Not to Scale: New Music to Join Acoustically Distinct Spaces Over the Network

April 05, 2010

April 5, 2010 — On April 7, from 12:30 to 1:30 p.m., composer and University of Virginia Ph.D. student Peter Traub and recent U.Va. graduate Eric Montgomery will premiere two new pieces that acoustically connect two distinct spaces on Grounds with the architectural heart of U.Va., the Dome Room of the Rotunda.

Pieces will be performed in two spaces – the inner stairwell of Old Cabell Hall and the Main Lounge of Newcomb Hall, with audio projected into the Dome Room of the Rotunda. People can listen in any of the three locations.

As each piece is played, the sound will be fed to the Rotunda where it will pick up the acoustic qualities of the space and be fed back to the performance space. The sound travels back and forth during the performance, picking up sound at each space creating a rich, layered sound.

"The composition picks up the acoustic qualities of both spaces to create a synthesis of the two spaces. It's a special synthesis, a hybrid sound space," Traub said.

Traub's piece, "Passages and Recesses: for solo flute and hybrid space," will be performed by flutist Wayla Chambo from the resonant space of the inner stairwell of Old Cabell Hall. This performance is scheduled to begin at 12:45.

Montgomery's piece, "Sound Across Grounds," will be performed on piano by Benjamin Yobp in the reverberant Main Lounge of Newcomb Hall. This piece will begin about 1:20 p.m. A 15-minute break between pieces will allow listeners in any of the locations to move to another one if they choose.

The event is the culmination of a collaboration between Traub and Montgomery funded by a Double 'Hoo Grant. The grants are awarded annually by the Center for Undergraduate Excellence to encourage collaborations between graduate and undergraduate students.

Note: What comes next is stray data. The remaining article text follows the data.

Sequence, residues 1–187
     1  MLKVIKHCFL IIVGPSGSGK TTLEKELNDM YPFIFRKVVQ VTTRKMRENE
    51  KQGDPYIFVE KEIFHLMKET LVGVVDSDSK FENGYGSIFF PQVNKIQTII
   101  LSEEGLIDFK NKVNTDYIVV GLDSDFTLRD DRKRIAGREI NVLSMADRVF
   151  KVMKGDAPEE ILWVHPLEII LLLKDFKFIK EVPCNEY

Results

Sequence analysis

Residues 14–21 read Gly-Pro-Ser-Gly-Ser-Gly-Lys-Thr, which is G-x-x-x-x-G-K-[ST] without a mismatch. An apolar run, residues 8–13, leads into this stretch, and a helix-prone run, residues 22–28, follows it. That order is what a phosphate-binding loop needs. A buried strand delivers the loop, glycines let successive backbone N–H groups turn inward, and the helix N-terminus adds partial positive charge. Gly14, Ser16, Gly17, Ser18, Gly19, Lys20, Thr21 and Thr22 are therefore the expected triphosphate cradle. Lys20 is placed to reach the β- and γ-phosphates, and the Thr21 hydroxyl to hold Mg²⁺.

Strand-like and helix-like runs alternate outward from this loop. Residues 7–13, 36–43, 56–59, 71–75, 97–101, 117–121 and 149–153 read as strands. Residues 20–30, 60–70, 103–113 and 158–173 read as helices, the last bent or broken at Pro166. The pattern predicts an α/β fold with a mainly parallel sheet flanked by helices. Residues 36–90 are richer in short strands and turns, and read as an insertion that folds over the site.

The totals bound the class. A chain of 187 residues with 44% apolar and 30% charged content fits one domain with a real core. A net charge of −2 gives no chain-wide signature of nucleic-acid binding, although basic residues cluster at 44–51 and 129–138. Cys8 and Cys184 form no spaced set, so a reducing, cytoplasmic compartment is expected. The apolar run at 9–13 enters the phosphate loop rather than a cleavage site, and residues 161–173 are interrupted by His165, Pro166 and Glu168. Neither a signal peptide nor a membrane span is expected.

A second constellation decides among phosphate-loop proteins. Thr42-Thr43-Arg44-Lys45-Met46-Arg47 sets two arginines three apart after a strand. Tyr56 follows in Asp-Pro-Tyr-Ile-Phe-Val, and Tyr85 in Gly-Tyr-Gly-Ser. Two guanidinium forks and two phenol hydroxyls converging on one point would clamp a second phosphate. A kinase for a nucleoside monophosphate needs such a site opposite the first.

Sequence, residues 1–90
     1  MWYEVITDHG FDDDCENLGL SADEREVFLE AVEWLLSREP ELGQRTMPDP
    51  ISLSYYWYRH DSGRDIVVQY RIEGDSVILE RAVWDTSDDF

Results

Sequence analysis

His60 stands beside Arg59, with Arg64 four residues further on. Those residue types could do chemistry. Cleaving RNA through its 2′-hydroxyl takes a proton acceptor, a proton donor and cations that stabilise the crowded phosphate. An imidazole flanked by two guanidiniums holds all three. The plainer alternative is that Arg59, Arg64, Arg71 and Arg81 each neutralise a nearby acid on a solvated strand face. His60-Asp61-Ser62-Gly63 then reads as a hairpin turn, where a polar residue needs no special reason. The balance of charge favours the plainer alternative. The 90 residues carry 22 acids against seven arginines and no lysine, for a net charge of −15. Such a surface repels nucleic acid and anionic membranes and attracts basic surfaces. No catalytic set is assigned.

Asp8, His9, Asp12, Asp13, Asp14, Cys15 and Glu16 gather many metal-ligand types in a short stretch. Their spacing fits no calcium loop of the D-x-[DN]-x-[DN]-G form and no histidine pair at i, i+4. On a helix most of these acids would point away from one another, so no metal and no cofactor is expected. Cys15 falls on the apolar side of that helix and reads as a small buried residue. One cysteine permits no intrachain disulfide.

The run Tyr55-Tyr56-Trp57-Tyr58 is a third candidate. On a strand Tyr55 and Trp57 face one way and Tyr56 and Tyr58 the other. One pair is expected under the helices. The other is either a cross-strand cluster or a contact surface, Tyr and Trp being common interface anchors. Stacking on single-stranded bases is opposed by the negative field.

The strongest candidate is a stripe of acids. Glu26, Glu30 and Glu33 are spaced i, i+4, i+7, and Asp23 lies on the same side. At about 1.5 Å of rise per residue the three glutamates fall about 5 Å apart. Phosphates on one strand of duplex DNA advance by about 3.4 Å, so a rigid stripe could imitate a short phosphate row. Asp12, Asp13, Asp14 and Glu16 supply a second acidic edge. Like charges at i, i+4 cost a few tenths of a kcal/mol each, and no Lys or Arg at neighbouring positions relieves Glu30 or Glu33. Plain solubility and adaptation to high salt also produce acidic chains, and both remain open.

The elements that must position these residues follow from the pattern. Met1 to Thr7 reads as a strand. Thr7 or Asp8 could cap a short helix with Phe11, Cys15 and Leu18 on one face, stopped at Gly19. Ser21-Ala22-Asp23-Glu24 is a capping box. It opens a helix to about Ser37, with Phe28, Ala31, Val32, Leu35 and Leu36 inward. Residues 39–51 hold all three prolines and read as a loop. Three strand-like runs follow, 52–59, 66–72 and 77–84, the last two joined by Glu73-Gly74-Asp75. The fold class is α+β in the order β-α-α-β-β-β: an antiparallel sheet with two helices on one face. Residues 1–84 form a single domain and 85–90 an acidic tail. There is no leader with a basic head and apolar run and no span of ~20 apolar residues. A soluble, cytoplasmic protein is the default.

Traub is a composer, installation and network artist currently completing his dissertation in the Composition Ph.D. program at the McIntire Department of Music in the College and Graduate School of Arts & Sciences. He received his master's in electro acoustic music from Dartmouth College in 1999.

He has composed numerous works of electronic music and several Internet-based and physical sound installations. His dissertation is a series of performances and installations exploring sound in physical and imaginary space. His first piece in the dissertation series, the online installation ItSpace, was featured on NPR's "Day to Day" in 2008, and his second piece in the series, "Solera," was featured in C-ville Weekly. "Passages and Recesses" is the fourth piece in the series.

Montgomery graduated from U.Va. in December 2009 with a double major in music and computer science. After years of piano and guitar lessons, his musical interests have expanded to include dabbling in various instruments as well as incorporating computers and technology into music. His computer science background made him well-suited for handling some of the technical requirements of this project with Traub. He plans to continue pursuing various musical opportunities, combining them with his interest in computers whenever possible.

For information contact Traub at, 650-918-7463 or visit his Web site.

— By Jane Ford